What Does Success as a Writer Feel Like?

So, as you know, because you read Tiny Cat Pants, obviously, this weekend, I went and found Shackle Island. “Found” in the sense of “I didn’t know where it was and now I do” not in “this treasure had been lost and Betsy recovered it.” I wrote about my investigation for Pith. The editor of the Scene wrote to tell me that it had 75,000 readers from Facebook alone.

I don’t know how many people look at Pith a day without coming through Facebook, but I do know that a bunch of people also shared it on Twitter.

I don’t really know how to feel about this. I mean, I feel good about it, obviously. But the kind of writer I aspire to be is a fiction writer. I want to make up and write awesome stories that people love. That, for me, is what success looks like–people regard me as someone who makes up stories they love.

But I don’t want to be a dumbass who is looking for success in one corner and doesn’t see it sitting in plain sight in the other. After all, nothing fictional I write is going to ever have 75,000 readers, most likely.

So, realistically, I should feel like this week is some great milestone in my writing career, some pinnacle I may never achieve again. But I don’t. I feel like today is Wednesday. I feel a little proud. I wonder if I should write more history stuff for Pith. But I don’t feel like today is unique in some way.

It’s nice, though, don’t get me wrong. And I don’t want to take it for granted.

But I also am going to laugh a little because, Shackle Island, really? That’s what the world was waiting to hear from me about?


4 thoughts on “What Does Success as a Writer Feel Like?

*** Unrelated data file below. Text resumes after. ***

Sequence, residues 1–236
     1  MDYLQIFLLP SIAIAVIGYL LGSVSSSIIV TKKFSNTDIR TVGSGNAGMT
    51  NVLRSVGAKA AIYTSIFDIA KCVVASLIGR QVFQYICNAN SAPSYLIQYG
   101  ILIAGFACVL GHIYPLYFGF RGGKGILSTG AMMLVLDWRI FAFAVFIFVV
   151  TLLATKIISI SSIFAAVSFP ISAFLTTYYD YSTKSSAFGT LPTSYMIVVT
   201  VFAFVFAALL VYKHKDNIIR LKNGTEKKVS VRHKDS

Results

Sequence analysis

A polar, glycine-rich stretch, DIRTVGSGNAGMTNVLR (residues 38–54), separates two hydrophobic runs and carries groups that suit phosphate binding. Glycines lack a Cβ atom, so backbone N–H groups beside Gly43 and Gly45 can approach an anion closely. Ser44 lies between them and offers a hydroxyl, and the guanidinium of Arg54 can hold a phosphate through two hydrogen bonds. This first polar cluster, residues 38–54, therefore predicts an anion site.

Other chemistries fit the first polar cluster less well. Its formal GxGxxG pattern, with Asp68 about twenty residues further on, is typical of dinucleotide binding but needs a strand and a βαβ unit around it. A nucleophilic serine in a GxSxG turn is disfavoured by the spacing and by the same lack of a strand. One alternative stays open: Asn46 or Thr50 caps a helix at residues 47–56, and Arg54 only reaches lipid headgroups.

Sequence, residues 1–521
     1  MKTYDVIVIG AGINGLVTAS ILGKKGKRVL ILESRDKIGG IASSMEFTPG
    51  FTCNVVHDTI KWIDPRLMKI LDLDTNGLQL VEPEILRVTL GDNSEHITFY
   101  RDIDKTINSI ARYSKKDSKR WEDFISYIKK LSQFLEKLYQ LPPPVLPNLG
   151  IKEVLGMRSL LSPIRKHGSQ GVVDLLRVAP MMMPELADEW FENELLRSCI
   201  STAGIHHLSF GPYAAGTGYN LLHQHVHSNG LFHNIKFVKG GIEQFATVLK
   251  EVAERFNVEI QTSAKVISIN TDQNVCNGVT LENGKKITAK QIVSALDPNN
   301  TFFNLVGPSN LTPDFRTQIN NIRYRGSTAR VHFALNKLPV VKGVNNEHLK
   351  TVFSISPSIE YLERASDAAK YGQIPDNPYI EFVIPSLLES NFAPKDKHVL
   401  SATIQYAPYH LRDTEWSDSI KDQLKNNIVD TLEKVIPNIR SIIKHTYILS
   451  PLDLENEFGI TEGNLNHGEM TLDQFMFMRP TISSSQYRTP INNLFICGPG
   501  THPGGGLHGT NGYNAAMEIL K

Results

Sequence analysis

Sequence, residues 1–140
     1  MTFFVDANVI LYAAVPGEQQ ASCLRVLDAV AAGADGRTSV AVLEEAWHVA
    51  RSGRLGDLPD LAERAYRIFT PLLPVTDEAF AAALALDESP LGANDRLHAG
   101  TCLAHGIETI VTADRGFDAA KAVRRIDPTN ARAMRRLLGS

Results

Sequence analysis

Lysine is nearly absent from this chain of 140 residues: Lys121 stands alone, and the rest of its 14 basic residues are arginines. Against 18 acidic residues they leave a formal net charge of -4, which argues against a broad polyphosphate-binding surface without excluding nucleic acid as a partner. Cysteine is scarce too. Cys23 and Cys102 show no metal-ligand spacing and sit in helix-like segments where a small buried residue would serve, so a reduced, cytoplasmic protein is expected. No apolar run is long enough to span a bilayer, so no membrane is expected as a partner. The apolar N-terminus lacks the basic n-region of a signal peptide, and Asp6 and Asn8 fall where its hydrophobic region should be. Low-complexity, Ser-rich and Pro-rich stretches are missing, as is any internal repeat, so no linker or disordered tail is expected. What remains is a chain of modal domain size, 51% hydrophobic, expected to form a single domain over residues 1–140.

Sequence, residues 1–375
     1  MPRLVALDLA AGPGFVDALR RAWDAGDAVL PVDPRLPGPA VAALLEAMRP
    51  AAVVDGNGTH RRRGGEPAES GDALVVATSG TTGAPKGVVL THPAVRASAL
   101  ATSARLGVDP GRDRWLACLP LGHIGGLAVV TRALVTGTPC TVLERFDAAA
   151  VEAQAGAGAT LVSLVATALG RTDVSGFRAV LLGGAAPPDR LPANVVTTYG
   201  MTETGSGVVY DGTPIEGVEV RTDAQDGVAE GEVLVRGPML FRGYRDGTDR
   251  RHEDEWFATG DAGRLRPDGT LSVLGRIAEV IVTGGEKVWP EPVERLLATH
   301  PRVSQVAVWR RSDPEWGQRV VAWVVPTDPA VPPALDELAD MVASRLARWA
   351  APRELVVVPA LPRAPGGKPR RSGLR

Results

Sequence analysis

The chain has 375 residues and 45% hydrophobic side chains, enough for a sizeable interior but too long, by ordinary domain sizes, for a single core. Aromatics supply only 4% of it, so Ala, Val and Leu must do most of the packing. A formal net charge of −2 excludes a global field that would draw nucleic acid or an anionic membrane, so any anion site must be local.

1. I don’t think you’ve come up against an either/or situation. Most obviously, there are plenty of writers who work in both fiction and non-fiction. But more than that, think about what it is you did in the Shackle Island piece that grabbed people: is it the structure, the voice, the puzzle-figuring, the local color, the first-person adventure, what? Once you get a handle on that, see if you can use whatever it is in your fiction.

  2. Think of it this way; if they see your name elsewhere, like on your books, it will seem faintly familiar to them. They might be more inclined to pick it up. They might even remember liking your Shackle Island piece and assume your fiction is worth a try also. Marketing!

  3. Fiction and non-fiction skills and talents buttress each other as much as you let them, seems to me–and you’ve shown that you’ve got both. I notice that I’m not the world’s leading narrtaive fiction screenwriter, but what I learned about writiing for film has served me in non-fiction again and again. (Don’t tell anybody.)

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